“The first time it was horrible,” said Viola Sughroue, 17, a rising senior at South Division High School in Milwaukee. Early crusts had no flavor, and the toppings got soupy during baking. Pies were lopsided.
“It tasted nasty at first,” Xiong agreed.
That’s why 17-year-old Miranda Johnson-Phillips, a PEOPLE student charged with developing an Off the Block pizza business plan, was so thrilled on Tuesday to taste how well the pizzas turned out — even if some of the toppings wouldn’t be her first choice.
“Personally, this pizza in front of me I would never eat in my entire life,” Johnson-Phillips said, pointing to a green olive and mushroom pizza. “But that pizza right there, that spinach and tomato, I would eat that all day.”
Off the Block pizzas use a mix of 80 percent mozzarella and 20 percent provolone, with a little feta on the cheese-only pie.
The recipe still needs tweaking. It doesn’t have nutritional information yet, and pizzas the batch just before Tuesday’s leaked sauce through the crust onto the bottom of the ovens in Babcock Hall.
The thinner white crust was “slightly more popular than the wheat,” Lawless said. “To develop an Italian crust in four weeks that got favorable rating was a home run.”
Teens made the first batch of 26 pizzas at FEED Kitchens. Once there’s a final recipe, Mentoring Positives can look for ingredient sources and, possibly, a co-packer to make the pizzas.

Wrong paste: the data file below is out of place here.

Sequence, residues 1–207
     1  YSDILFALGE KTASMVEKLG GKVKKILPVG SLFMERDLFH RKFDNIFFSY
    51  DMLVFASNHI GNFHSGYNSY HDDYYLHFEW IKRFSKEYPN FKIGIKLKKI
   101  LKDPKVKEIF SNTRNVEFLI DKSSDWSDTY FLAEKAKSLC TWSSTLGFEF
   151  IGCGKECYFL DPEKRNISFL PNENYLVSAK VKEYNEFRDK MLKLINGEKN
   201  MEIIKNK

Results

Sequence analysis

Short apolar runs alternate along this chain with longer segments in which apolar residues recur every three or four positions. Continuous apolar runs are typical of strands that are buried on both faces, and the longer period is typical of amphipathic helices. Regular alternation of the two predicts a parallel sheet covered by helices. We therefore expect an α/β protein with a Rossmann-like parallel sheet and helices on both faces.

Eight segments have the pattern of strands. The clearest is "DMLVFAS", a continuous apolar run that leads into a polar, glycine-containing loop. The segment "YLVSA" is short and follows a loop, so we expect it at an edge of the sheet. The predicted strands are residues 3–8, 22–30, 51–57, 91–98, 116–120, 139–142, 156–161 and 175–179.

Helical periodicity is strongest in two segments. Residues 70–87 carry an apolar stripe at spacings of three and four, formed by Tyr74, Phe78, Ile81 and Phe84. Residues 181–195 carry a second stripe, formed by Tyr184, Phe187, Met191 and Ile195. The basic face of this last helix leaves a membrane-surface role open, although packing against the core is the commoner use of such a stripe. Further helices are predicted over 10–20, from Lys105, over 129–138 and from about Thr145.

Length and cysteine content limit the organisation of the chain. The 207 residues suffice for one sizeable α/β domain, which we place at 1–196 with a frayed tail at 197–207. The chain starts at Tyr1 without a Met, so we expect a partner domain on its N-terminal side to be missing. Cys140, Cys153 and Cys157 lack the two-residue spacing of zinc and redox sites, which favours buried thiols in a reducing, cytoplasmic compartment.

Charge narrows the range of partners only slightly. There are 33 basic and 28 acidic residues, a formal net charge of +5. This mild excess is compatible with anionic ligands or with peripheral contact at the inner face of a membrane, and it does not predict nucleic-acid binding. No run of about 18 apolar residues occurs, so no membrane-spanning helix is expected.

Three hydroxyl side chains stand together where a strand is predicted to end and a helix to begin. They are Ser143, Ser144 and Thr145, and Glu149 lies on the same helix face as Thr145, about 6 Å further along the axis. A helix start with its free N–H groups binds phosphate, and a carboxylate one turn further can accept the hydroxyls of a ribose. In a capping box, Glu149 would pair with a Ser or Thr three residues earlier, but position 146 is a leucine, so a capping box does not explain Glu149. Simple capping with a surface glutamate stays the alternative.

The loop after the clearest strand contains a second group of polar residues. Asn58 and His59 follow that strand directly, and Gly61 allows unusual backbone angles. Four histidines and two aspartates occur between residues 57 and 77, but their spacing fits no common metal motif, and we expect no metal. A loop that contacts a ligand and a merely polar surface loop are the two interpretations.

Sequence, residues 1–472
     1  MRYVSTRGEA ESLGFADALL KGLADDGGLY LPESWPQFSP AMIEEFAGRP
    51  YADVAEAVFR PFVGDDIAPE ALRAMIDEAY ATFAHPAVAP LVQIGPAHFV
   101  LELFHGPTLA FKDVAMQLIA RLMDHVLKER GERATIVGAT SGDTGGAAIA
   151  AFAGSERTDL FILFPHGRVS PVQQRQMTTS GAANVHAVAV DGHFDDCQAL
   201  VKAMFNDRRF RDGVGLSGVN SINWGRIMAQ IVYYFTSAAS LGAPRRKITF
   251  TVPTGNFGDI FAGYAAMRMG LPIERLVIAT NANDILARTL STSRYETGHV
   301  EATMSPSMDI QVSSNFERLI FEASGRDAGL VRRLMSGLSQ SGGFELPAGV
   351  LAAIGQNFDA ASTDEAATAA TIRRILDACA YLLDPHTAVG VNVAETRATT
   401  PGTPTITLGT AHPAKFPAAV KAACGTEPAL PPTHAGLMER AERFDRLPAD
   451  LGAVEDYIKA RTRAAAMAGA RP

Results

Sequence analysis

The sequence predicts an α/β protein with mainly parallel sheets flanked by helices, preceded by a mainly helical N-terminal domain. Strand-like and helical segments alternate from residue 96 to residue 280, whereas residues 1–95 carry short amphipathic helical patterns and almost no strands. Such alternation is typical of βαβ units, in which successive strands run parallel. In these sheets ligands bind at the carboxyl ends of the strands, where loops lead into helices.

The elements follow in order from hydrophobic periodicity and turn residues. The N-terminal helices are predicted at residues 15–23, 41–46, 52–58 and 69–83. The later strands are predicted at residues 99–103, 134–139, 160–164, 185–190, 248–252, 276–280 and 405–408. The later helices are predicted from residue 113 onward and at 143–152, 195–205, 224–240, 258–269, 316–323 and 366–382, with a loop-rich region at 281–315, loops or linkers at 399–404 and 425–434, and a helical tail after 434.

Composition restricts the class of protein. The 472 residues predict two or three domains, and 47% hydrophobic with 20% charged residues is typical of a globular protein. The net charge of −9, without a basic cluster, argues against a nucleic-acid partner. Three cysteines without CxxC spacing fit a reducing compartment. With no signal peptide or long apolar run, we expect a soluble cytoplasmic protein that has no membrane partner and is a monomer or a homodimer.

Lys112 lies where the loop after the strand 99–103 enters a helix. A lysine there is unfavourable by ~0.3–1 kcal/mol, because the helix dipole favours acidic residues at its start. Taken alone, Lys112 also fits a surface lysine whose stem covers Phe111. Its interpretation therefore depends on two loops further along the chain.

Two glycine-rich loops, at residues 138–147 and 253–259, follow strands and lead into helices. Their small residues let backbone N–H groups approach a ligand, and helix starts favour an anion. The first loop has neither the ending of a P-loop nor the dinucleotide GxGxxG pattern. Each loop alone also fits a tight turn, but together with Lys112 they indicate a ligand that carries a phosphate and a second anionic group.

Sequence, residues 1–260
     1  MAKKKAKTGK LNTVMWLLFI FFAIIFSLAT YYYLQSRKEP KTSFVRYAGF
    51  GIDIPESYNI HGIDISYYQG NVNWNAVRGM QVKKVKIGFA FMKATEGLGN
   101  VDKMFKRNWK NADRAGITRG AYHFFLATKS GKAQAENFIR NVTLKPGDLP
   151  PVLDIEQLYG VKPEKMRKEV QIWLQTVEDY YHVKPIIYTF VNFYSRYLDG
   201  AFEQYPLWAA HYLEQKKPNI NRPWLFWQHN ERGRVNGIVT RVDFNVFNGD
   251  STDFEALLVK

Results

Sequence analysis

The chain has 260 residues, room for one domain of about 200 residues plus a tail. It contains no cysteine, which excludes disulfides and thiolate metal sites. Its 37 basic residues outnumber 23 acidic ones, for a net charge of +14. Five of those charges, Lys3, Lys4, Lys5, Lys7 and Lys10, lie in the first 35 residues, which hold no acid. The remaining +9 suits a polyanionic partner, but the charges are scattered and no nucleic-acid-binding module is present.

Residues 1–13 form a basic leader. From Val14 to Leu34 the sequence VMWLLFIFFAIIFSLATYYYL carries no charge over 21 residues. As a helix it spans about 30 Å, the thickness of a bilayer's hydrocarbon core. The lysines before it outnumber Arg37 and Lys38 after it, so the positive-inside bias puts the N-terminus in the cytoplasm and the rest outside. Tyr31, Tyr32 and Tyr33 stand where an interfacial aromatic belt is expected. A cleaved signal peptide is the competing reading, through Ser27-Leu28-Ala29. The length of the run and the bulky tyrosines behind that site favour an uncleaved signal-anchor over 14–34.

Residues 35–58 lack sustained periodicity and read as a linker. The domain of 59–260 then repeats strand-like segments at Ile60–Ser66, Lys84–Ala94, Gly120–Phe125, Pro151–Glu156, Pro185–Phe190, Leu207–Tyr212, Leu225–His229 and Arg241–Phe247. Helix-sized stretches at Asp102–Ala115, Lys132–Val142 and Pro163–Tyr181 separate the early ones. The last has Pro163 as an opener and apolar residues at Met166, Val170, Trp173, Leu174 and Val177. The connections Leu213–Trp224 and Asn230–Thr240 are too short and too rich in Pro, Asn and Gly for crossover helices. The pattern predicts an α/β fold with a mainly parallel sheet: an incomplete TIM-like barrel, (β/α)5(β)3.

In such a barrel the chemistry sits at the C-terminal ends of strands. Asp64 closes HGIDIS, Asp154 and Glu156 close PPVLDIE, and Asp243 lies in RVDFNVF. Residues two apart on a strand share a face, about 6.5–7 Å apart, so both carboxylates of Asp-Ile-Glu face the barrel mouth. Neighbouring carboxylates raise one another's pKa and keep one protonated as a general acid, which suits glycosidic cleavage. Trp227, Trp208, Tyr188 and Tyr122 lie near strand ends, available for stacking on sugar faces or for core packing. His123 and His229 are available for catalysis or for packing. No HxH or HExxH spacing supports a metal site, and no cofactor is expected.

“We need to figure out what we need to advance this program,” Green said. “We’re going to need the support of other individuals to make this work.”
For the teens, Green added, it’s the adults’ responsibility to “give them the stage as much as possible. They have gifts and talents, we just often times don’t have enough time in this world to give them the opportunity to be leaders, to be entrepreneurs.”
As for PEOPLE, Lawless said this could be the last year for the Food and Agriculture track, which needs to raise $82,000 to continue for staff, equipment and payment for the student interns. Food and ag has been funded for five years by a USDA grant.
“This has the potential to create a diverse pipeline of kids for the food and agriculture industry,” Lawless said. The program is “both for the benefit of the kids and the companies.
“Diversity spurs innovation, and food and ag needs innovation, needs to address itself to changing demographics in the country.”
While several of PEOPLE students expressed more interest in veterinary medicine than food science, the internship did have some real effects for Johnson-Phillips, who’s interested in biological systems engineering. A participant in PEOPLE since she went to Toki Middle School, the rising senior goes to school in San Antonio, Texas and returns to Wisconsin just for this program.
“I’ve never felt more prepared going into my college life,” Johnson-Phillips told the room at the conclusion of Tuesday’s event. “I’m stressed out, you guys. I feel more secure. My second favorite (thing) was being a boss, a little bit. I appreciate them letting me be in a leadership role.
“Getting to eat the pizza — that was pretty great too.”